With his entrepreneur spirit, it is no surprise that Ghislain wants a shake-up of France’s status quo which he sees as partly focused in the wrong direction. “There are a lot of reasons to be optimistic, but at the same time we are in a transitional phase,” he explains. “When it comes to the French scene, we are in a pivotal moment and we need to make the necessary reforms. We have a very good system in the PMU, which is very beneficial to the industry, but we have to change a very French way of thinking concerning the redistribution of premiums which has some pernicious effects. It brings a little bit of laziness in the selection, as you have average horses getting a return due to the premiums. We need to keep that system but make it more efficient with selectivity in mind. That will balance the offer and encourage investment in better stock and therefore enhance our competitiveness.

“France has a long racing history and a complex racing institution. We need to restructure this institution and get people to adapt. There is now a strong awareness among French professionals and hopefully we will move forward. There are a lot of good fundamentals like Chantilly, probably the best training centre in the world, beautiful racetracks, racing programs and fantastic breeding operations, so it is more a question of adapting better to the current world. We need to reduce the number of racetracks and concentrate on attracting new crowds and business people in the best possible comfort. That’s why France Galop wanted to invest in the new ParisLongchamp, which was a really good thing and necessary. It will take time, but hopefully we will get there.”

With the UK government in disarray regarding the act of collective self harm known as Brexit, like most others Ghislain is cautious about the aspect of losing the benefits of easy trade with Britain. “I am also very concerned about Brexit and I think everyone can be,” he adds. “I’m sure long term we can find ways to overcome the issues, but it is still a concern.”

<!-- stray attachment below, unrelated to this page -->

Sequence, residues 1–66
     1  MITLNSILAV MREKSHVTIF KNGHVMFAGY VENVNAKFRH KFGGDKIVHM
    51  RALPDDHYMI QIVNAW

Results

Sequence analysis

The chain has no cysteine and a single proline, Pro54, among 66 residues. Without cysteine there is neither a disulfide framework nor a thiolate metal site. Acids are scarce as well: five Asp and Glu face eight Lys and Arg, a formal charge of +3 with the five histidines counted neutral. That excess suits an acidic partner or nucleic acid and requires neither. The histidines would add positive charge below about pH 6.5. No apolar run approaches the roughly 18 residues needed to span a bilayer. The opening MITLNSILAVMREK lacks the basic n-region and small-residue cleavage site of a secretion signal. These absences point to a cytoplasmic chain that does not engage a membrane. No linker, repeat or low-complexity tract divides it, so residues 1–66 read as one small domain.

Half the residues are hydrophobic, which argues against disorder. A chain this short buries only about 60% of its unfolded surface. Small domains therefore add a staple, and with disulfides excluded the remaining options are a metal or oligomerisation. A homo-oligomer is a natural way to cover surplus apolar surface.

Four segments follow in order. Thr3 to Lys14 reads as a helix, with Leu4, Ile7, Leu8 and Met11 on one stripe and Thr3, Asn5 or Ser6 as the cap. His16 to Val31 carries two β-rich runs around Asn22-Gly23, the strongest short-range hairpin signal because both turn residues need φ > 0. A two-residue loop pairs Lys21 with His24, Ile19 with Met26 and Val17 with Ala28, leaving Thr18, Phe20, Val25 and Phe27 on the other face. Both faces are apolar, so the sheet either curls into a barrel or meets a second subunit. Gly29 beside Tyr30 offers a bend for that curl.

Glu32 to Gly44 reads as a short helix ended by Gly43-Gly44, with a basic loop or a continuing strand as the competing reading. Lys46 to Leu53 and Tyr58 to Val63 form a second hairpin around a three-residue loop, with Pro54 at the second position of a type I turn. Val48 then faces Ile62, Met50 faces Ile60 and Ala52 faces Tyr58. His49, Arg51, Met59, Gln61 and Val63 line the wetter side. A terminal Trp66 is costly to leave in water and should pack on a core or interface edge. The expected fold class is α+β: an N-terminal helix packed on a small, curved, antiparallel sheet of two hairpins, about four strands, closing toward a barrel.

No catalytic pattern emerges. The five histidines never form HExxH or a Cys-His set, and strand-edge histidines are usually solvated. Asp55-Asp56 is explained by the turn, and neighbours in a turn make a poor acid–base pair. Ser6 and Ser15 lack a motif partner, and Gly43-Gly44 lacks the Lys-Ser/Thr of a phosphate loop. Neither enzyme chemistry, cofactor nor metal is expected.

“As far as bloodstock is concerned, there is a very strong polarisation in ownership, with a few people with a lot of money but it goes around them a bit too much. Every country needs to widen that base of ownership through marketing and better prize money for better organization and better redistribution. The cost of producing a horse has become extremely expensive and stallion fees are probably unreasonable, so we need to be careful with that inflation. What we do have in France is a lot of new, young people and operations in the racing and breeding industry and that is quite exciting. There are reasons to be optimistic as well.”

Looking to 2019, Ghislain is keen on a set of fillies with elite pedigrees. “I have two I bought in partnership with David Redvers for Qatar Racing, and for Laurent Dassault and a Chinese client on my side. One is called Sparkle Roll (Fr) (Kingman {GB}) [a half-sister to last year’s Epsom Derby hero Wings of Eagles (Fr) (Pour Moi {Ire}) who took a Haydock maiden impressively in September for the John Gosden stable] and the other is with Francois Rohaut and is called Big Brothers Pride (Fr) (Invincible Spirit {Ire}) [a half to this year’s G1 Prix Maurice de Gheest winner Polydream (Ire) (Oasis Dream {GB}) who took a Chantilly contest on her sole start in October]. There is also Mythic (Fr) (Camelot {GB}) from the family of Wings of Eagles who I bought for Ecurie des Charmes and who is in training with Alain de Royer-Dupre. She won her only start impressively [at Angers in November]. We also bought a very nice filly, Solage (GB) (Galileo {Ire}), with John O’Connor for Ballylinch Stud and Ecurie des Charmes [for €1-million at the recent Arqana December Sale] and we hope for the best with her. She is a beautiful and well-bred filly.”

The acquisition of four such high-profile fillies is evidence that Meridian International is building all the time. Through a trained acumen and a keen sense of what constitutes a choice Thoroughbred, there is a suspicion that Ghislain Bozo can take the family name to new heights. He has what it takes to not only survive, but excel in these unsettled times.